How to Adjust Your Ceiling Fan Direction for Summer and Winter

Here's the right ceiling fan direction for each season.

With temperatures dropping as we enter winter, most of us find ourselves reaching to crank the thermostat up a few degrees. A drafty home is not what we want for the holidays—which is why it seems counterintuitive to turn on the ceiling fan in December. You can always whip up winter comfort foods to stay warm and toasty, but your ceiling fan can help heat a room, too. You just need the right ceiling fan direction.

For the warmer months, here are some myths about your air conditioner we need to clear up.

Why Does Ceiling Fan Direction Matter?

If you take a close look at your fan, you’ll notice a few things. The first has to do with the blades. They should all be positioned at a slight angle in the same direction, which makes sense—flat blades slice through the air; angled blades move air more efficiently. Second, with your fan on low speed, observe the direction that it’s spinning in, either clockwise or counterclockwise. Once you make note of your ceiling fan’s direction, you’ll be able to determine if it’s circulating hot or cool air.

By futzing with your fan’s remote control or flipping a switch on the fan, you should be able to change the direction it spins. Just turn the fan off before you climb up on a ladder to check things out. While you’re up there, you might find a lot of hidden dust. Here’s how to clean a ceiling fan and other hard-to-clean household objects.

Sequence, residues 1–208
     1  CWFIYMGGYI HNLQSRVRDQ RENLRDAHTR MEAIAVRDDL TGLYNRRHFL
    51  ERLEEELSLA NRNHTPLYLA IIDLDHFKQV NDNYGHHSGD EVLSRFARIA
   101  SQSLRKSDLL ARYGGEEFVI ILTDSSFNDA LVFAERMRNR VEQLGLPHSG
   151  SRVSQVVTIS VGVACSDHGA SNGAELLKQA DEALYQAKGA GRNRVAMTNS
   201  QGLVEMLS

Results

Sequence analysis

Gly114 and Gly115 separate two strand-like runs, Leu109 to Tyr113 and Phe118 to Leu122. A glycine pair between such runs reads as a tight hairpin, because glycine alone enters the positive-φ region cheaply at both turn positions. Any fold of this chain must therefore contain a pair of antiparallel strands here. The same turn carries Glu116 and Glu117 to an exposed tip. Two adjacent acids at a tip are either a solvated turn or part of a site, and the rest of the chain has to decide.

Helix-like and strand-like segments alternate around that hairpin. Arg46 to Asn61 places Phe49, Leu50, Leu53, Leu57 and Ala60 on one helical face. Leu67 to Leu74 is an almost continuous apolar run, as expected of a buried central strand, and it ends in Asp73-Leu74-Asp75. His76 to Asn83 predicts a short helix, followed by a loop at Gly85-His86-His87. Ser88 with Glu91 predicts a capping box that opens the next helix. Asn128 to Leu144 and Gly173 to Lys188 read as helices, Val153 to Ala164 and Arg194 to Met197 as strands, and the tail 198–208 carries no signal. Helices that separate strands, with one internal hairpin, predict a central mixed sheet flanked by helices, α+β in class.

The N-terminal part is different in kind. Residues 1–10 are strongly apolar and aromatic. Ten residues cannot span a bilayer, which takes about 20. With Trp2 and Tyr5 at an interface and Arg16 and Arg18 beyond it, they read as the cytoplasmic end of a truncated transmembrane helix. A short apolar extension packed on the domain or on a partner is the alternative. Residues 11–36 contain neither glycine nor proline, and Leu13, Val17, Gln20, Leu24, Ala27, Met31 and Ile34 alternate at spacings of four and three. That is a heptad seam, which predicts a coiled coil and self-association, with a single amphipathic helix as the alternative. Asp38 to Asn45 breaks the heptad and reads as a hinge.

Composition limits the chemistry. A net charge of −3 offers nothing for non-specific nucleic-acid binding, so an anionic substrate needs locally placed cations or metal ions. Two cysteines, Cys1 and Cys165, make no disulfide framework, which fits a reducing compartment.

Which Way Should My Fan Spin?

During the summer, our fans should spin counterclockwise. This ceiling fan direction creates a downdraft, which means that air is pushed downward, creating that lovely, refreshing breeze we so desperately need on summer days.

During the winter, change the settings in your fan so that the blades spin clockwise. Keep it at a low speed, though, otherwise you’ll create an unwelcome breeze. In this direction, the blades will work to create an updraft. Warm air that’s settled around your ceiling will be pushed up and out around the room, leveling out the cooler temperatures. This method is best used in addition to a toasty fireplace!

Are your teeth still chattering? Here are other ways to warm up a cold room.

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Hannah Twietmeyer
Hannah is a writer and content creator based in Milwaukee, Wisconsin, with a passion for all things food, health, community and lifestyle. She is a journalism graduate from the University of Wisconsin-Madison, and a previous dining and drink contributor for Madison Magazine.